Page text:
It’s certainly possible to write out of sheer business-mindedness (I think, however, that this is much easier when you write non-fiction). Yet there’s a certain something that gets translated to the page by the writer who loves the work. I believe you can write what you love and, if you do so with the other characteristics listed below, earn a fair return.
 
 
2. Discipline
 
“One of the big lessons of sports for dedicated individuals and teams is that it shows us how hard work, and I mean hard work, does pay dividends.” – John Wooden, legendary UCLA basketball coach
 
Love is not enough. Ask anyone who’s married.
 
Work puts legs on the dream.
 
 
3. Perseverance
 
“The brick walls are there for a reason. The brick walls are not there to keep us out. The brick walls are there to give us a chance to show how badly we want something. Because the brick walls are there to stop the people who don’t want it badly enough. They’re there to stop the other people.” – Randy Pausch, “The Last Lecture”
 
The true writer puts this thought in mind: I am going to write and never stop because that’s what I want to do. I will keep learning and growing and producing the words. I’ll keep carving out time to write, even if it means giving some things up. And it will always be too soon to quit.
 
 
4. A Sound Mind
 
By which I mean the ability to overcome emotions and see things objectively. To take some of the hard knocks that are part of the writer’s life and turn them into opportunities to grow. To keep yourself from exploding in a stupid or vainglorious way on social media and thereby harming your reputation.
 
 
5. Business Savvy
 
If you want to earn what you’re worth you have to approach writing and publishing as a business. A successful business makes a profit. To make a profit you need a plan.
 
Many writers and other artists shudder at this notion. Some even rebel against it. For them writing success is usually an accident.
 
I don’t want you to be an accident. I want you to think like an entrepreneur. Fortunately, the business principles you need are not that difficult to acquire.
 
 
6. A Support System
 
As author Peter Straub once put it: “Every writer must acknowledge and be able to handle the unalterable fact that he has, in effect, given himself a life sentence in solitary confinement.”
 
Every writer needs support from other people. Nurture relationships with fellow writers and communities of writers. Hang out with positive folks. Be kind to your family, even Aunt Betty who thinks you’re nuts for trying to be a writer.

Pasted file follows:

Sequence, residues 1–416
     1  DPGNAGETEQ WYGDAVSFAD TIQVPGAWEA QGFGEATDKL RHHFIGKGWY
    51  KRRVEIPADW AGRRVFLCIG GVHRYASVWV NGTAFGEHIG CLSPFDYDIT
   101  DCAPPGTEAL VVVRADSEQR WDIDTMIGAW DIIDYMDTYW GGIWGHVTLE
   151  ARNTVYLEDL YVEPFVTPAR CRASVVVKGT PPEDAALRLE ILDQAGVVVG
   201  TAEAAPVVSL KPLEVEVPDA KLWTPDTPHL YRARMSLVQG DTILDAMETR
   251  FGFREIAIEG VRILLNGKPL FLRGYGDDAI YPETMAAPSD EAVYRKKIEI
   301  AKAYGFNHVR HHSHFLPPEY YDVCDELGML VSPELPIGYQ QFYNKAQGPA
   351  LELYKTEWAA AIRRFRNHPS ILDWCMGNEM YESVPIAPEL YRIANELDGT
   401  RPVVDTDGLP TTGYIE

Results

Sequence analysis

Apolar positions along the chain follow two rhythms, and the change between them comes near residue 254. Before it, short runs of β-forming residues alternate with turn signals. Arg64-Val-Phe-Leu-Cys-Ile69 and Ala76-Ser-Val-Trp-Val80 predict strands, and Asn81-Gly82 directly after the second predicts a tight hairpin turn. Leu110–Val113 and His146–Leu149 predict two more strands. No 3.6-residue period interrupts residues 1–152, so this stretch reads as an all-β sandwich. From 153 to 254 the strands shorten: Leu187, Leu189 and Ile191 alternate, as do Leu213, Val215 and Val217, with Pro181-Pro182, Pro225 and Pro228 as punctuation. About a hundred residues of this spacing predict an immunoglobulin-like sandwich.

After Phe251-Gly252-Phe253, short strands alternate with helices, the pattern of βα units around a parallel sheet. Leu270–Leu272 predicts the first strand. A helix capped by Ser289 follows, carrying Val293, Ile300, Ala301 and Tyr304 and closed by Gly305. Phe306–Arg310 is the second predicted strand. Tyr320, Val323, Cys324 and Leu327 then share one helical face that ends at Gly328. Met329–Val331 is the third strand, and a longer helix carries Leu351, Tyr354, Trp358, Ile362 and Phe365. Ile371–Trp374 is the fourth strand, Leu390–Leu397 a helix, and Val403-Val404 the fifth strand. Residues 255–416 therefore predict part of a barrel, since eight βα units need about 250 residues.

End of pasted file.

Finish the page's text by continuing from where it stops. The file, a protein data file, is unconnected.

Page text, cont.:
7. Talent
 
This is the least important item.
 
First of all, it’s a subjective judgment. There is no final arbiter of what constitutes talent. It’s a little like what a Supreme Court justice once said about obscenity: I can’t define it, but I know it when I see it.
 
You do have to have some ability to string sentences together in a coherent fashion. This is a matter of education and the habit of reading.
 
Having that, you can now put the other six items on the list into practice. This is how you make it in this game, and why I have just released a book called How to Make a Living as a Writer.
We all know that digital self-publishing has opened up a vast universe of possibilities for the writer. But this book is not about self–publishing alone. It also talks about how to approach traditional publishing. I advocate multiple streams of income, so I also discuss the best practices for writing both fiction and non-fiction. I cover what a publishing business actually looks like, and how any writer can create an enterprise based on quality and production. There are sections on how to become relentless, how to set and meet goals, unlocking your creativity, how to write better and faster, how to choose the right ideas for projects, and a whole lot more.
 
In short, I am attempting to give writers the skills that will greatly increase their odds of making a good return on what they write.
 
For the ebook:
 
 
 
If you like your writing books in print, HERE YOU GO.
Carpe Typem!